What is a personality disorder?

Personality is the way a person thinks, feels, and behaves that distinguishes them from others. Experiences, environment (surroundings, life events), and inherent features all impact an individual’s personality. A person’s personality tends to remain consistent throughout time. 

A personality disorder is a manner of thinking, feeling, and acting that differs from cultural norms produces distress or impairment in functioning and persists over time.

Personality disorders are divided into ten categories. Long-term patterns of behaviour and interior experiences that deviate greatly from what is anticipated are referred to as personality disorders. 

By late adolescence or early adulthood, a pattern of experience and behaviour has developed that produces unhappiness or functional issues. Personality problems can endure a long time if they are not treated. At least two of these areas are affected by personality disorders –

  • Thinking regarding oneself and others in a certain way
  • Emotional response 
  • The way you interact with other individuals
  • Controlling one’s behaviour 

A mental health practitioner must examine long-term patterns of functioning and symptoms to diagnose a personality disorder. Individuals aged 18 and over are usually diagnosed.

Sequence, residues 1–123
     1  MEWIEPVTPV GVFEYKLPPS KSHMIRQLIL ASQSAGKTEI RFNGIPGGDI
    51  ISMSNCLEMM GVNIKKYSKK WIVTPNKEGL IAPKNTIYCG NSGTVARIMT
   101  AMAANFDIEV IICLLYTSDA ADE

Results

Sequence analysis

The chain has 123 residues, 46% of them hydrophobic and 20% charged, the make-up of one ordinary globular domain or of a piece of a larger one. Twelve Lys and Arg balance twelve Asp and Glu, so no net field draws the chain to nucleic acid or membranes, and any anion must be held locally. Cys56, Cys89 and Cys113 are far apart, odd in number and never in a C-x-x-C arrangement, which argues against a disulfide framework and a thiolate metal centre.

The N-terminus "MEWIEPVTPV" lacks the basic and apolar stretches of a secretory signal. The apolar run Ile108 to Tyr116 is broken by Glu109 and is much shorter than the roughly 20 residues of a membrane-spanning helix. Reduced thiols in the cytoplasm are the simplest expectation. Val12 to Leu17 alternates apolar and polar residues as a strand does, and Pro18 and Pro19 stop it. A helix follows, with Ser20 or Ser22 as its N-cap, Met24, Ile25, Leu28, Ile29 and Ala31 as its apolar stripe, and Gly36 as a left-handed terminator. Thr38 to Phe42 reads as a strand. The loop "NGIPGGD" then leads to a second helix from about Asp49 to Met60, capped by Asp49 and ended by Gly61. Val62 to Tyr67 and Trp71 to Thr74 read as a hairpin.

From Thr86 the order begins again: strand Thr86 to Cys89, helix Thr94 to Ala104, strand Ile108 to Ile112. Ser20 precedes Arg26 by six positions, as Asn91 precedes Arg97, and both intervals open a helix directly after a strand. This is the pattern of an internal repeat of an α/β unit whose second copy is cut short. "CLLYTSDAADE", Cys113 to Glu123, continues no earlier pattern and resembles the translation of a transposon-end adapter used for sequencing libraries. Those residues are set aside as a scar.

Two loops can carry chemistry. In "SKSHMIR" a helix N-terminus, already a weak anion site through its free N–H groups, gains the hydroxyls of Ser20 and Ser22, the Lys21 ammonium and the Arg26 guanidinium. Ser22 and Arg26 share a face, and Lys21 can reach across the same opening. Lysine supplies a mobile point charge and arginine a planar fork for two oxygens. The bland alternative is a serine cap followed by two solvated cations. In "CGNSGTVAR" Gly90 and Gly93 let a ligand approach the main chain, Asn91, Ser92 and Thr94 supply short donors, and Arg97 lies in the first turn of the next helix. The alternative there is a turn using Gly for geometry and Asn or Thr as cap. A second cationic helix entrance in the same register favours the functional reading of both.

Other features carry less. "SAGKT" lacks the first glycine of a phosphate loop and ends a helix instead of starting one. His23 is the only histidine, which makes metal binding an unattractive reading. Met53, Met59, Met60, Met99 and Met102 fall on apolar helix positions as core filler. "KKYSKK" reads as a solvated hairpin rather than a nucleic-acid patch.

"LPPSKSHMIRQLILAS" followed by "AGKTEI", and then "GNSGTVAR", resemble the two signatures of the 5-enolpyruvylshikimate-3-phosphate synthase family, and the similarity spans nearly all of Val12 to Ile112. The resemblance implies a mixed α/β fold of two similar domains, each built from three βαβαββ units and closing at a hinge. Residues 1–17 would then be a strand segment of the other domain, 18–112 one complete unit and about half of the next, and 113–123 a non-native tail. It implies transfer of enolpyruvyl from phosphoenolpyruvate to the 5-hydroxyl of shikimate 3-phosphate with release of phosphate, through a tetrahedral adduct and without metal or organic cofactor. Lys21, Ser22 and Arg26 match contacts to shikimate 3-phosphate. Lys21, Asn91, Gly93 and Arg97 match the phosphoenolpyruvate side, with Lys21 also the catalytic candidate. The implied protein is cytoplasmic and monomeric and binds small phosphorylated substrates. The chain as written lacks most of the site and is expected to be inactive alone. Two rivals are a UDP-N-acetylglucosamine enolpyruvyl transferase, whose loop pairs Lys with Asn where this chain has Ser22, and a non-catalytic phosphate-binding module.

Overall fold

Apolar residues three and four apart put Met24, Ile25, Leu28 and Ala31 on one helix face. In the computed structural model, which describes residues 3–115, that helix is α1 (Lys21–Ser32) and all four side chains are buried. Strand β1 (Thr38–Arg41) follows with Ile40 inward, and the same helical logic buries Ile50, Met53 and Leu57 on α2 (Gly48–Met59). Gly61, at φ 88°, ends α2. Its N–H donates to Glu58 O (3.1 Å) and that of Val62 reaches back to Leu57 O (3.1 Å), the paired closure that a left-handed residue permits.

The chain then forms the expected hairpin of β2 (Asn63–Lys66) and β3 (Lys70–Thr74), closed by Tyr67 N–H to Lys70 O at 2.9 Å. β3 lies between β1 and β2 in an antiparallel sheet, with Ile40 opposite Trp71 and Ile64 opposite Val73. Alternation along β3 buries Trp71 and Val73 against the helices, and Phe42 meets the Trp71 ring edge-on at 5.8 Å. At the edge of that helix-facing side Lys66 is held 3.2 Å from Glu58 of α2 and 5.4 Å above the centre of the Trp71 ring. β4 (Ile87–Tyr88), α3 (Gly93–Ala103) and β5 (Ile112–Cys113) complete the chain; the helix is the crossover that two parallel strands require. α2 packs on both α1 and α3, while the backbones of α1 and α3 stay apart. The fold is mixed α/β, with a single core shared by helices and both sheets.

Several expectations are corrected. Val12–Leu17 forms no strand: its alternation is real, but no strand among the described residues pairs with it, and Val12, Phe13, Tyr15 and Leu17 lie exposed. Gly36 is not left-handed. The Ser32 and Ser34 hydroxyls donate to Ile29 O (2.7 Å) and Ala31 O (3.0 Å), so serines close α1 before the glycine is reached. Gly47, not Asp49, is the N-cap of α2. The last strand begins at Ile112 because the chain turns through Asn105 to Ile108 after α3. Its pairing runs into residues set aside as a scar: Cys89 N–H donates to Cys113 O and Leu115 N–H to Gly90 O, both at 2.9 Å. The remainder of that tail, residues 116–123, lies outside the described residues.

Personality disorders are seldom diagnosed in people under the age of 18 since their personalities are still growing. Some persons with personality disorders are oblivious to the fact that they have a problem. 

People can also have several personality disorders. At least one personality disorder affects around 9% of individuals in the United States.

Conclusion – 

This blog post aimed to answer the question, “Do personality disorders get worse with age?” and reviewed what personality disorders are, their various types and their correlation with age to help determine if personality disorders get worse with age. Please feel free to reach out to us with any questions or comments you may have.

References –

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Borderline Personality Disorder. Mayo Clinic Staff. (2019, July 17). Retrieved from